Please, little red chicken, interrupt! It means you’re paying attention!
Interrupting Chicken by David Ezra Stein captures the essence of the experience of a child reading aloud with a loving adult. In the opening wordless scene, we detect hints of the ceaseless energy of the young chicken before she ever appears. Once she’s in her pajamas, she asks for a story, and Papa says, “Of course, you are not going to interrupt the story tonight, are you?” We know that she will (though she promises, “I’ll be good”), and we can’t wait.
When she breaks into the story to warn Hansel and Gretel about the witch--and to take part in the other two stories--it’s clear that the little red chicken knows these stories by heart. My favorite aspect of the book is the way the little red chicken imagines herself as a character in each story. She believes she can save Little Red Riding Hood from the Wolf. In Stein’s artwork, the little red chicken literally appears as a character alongside the red-caped star and the villain who would, if left to carry out his mission, swallow the girl’s granny. In an interview, Stein discussed the process of creating this clash of the "real" and storybook worlds. (He received a 2011 Caldecott Honor citation for Interrupting Chicken.) The feathered heroine is a riot of color in a sepia-toned world. She is shaking things up.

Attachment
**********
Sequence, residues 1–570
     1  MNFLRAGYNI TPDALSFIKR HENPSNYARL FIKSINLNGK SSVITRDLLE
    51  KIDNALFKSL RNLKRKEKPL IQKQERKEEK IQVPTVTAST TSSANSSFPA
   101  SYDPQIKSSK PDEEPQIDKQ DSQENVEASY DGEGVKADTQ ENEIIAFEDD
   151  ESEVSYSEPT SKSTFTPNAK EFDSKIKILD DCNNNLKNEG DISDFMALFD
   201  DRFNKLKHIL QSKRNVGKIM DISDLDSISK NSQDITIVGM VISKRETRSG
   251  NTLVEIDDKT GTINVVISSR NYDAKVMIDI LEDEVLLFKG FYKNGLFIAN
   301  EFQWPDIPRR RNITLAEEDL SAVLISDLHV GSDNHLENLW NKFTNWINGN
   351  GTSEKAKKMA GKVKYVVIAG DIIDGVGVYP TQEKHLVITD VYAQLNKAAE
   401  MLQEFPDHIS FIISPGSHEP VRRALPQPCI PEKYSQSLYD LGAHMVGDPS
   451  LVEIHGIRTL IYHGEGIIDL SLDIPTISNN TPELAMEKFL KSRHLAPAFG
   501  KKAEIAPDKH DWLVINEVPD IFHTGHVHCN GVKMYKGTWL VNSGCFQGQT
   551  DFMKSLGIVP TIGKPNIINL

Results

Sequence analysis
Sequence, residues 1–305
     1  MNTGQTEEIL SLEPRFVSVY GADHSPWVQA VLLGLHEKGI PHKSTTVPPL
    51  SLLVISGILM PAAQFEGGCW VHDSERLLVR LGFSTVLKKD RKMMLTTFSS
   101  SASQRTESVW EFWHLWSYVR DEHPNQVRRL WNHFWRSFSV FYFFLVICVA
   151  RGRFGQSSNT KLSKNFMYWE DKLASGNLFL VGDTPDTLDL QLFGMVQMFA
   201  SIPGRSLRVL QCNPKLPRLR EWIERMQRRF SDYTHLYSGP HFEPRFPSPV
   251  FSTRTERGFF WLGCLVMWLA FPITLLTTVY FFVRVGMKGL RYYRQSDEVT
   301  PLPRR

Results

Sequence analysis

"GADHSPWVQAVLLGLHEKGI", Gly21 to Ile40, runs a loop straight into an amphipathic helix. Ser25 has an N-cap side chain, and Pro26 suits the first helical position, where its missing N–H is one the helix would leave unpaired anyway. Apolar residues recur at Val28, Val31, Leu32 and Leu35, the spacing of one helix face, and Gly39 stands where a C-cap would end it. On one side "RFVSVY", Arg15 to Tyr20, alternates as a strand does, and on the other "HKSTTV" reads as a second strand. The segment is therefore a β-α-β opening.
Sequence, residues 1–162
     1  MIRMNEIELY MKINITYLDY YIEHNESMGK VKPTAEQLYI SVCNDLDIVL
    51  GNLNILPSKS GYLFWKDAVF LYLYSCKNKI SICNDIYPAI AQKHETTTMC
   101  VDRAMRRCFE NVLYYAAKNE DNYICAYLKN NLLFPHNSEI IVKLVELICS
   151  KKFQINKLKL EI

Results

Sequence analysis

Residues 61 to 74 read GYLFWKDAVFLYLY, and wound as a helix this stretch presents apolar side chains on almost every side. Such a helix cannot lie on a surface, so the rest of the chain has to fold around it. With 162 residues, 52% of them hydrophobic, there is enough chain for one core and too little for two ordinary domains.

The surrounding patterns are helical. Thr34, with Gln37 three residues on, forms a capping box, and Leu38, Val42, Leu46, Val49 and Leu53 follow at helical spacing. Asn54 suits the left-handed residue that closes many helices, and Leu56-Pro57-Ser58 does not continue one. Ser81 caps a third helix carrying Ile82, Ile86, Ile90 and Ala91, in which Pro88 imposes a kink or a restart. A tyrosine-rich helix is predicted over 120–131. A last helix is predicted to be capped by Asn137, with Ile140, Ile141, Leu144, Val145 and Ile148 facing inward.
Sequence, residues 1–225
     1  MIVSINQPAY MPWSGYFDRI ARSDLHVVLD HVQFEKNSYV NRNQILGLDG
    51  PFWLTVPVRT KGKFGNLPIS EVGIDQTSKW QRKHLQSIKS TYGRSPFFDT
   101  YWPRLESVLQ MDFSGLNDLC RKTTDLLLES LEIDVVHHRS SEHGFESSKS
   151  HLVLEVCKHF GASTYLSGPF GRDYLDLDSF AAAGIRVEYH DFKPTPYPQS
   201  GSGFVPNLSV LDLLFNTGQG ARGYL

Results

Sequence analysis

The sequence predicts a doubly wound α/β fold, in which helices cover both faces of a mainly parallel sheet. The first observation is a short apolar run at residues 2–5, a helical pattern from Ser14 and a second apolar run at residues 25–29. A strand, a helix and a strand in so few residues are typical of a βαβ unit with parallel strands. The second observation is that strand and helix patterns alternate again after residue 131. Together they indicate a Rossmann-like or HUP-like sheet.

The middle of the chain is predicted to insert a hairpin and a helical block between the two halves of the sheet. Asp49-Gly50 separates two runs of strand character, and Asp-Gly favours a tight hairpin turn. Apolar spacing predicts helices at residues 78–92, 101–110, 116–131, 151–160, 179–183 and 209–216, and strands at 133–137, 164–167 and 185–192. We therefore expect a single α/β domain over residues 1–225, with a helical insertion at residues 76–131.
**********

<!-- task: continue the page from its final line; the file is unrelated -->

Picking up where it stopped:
The captivating little chicken at the center of this story is smart and spirited, she loves her Papa, and she cares about the characters in her books and wants to help them. We can imagine her becoming a passionate and involved member of her classroom and community. The best books enhance and help to develop those qualities in a child, by opening up a discussion between the child and someone who cares about him or her--someone who has a wider experience of the world and can help to process all that a young person is learning from hour to hour. So maybe it’s worth moving up bedtime just a bit, just enough to allow for those interruptions.